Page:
Pennsylvania is a what is referred to as a “no fault” state, meaning that each and every driver on the road is required to have at least some “first party benefits” as part of their motor vehicle insurance policy. These first party benefits are required over and above the usual liability coverage a motorist must have in case he or she need to pay compensation for a car crash that was his or her fault.
First party benefits help victims of car accidents on a “no fault” basis, meaning that even if a person was responsible for his or her accident, he or she can still get benefits. These benefits are also, as the named implies, awarded on a “first party” basis, meaning a motorist will go to his or her own insurance company in order to obtain them in lieu of having to sue the other motorist involved in the accident.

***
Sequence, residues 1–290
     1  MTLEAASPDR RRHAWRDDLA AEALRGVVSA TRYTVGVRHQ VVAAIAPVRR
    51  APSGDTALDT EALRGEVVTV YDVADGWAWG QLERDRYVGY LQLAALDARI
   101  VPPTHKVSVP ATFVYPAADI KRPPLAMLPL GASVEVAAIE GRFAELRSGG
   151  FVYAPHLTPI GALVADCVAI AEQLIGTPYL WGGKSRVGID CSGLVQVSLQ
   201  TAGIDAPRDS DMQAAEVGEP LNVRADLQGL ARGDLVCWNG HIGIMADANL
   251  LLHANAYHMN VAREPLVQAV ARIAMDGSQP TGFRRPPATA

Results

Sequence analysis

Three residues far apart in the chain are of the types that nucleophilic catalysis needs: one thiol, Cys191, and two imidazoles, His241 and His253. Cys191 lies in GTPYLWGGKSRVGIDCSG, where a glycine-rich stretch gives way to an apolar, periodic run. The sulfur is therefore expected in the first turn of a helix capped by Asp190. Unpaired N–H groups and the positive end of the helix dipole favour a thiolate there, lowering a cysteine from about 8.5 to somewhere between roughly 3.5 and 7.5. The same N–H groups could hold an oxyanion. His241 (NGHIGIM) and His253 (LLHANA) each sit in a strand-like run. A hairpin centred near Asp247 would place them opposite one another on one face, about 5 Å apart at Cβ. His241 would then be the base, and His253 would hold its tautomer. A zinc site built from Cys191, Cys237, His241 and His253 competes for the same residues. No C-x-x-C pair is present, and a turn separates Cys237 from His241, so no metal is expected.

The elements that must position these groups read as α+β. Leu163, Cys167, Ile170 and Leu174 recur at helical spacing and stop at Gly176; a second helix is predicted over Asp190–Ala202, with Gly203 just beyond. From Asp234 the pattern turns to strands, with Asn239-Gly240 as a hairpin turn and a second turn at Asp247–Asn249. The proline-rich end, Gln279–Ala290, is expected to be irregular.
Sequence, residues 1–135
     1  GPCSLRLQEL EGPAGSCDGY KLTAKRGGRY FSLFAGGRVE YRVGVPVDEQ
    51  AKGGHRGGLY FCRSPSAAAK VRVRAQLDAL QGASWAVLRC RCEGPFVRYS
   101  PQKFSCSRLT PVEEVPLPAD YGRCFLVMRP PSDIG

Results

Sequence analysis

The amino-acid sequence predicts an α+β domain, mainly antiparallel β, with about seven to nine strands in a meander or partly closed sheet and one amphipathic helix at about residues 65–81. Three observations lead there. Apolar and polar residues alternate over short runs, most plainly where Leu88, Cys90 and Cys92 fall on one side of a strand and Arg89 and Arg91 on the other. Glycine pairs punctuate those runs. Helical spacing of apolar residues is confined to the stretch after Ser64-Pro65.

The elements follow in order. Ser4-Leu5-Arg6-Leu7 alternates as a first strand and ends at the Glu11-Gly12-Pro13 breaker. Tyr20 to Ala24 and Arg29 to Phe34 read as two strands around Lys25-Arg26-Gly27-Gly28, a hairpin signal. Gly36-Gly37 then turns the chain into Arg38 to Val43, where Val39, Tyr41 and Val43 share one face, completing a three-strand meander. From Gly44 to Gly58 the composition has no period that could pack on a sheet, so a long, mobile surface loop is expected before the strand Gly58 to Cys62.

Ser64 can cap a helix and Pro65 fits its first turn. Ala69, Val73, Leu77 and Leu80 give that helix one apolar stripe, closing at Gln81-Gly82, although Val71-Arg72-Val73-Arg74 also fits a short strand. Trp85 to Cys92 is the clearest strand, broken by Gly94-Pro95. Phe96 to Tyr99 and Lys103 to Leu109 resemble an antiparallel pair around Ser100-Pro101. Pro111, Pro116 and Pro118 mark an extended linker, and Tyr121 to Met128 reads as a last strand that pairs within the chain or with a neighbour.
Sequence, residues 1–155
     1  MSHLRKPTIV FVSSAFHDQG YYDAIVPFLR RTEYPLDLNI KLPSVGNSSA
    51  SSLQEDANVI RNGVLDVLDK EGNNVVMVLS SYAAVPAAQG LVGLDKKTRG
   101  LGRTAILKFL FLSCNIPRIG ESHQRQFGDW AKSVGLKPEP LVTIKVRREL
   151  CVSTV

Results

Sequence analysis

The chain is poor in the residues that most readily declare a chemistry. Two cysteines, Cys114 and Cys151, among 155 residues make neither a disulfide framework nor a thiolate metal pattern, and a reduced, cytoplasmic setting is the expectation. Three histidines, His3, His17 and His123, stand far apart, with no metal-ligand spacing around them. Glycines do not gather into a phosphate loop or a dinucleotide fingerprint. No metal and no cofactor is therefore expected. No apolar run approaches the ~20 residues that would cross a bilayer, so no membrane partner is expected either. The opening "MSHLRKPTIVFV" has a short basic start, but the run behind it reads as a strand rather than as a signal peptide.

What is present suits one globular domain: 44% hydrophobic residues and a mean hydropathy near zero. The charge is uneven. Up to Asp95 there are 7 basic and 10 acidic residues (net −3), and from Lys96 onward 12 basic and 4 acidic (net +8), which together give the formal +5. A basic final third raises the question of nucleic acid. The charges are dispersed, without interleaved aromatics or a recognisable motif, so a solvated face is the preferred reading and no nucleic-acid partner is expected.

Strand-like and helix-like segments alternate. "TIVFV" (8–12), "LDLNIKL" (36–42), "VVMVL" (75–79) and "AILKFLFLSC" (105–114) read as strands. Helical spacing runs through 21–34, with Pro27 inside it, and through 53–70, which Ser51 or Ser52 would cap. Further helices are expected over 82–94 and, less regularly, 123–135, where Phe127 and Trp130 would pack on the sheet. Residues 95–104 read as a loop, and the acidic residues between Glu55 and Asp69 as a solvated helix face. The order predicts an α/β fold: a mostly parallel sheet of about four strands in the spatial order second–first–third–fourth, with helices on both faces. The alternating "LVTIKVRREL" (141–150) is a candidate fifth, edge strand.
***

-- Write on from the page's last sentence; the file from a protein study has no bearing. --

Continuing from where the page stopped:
The downside to first party benefits is that they do not allow for “noneconomic” damages like emotional distress and pain and suffering. Depending on what coverage a person purchases though, first party benefits can cover substantial medical expenses, and also can be an important source of replacement income.
Having to buy first party benefits does not mean a Pittsburgh resident who has been injured in a car accident has no legal options against the other driver or responsible party. In Pennsylvania, a person buying insurance with first party benefits can elect to keep all of his or her rights to sue, even for damages like pain and suffering.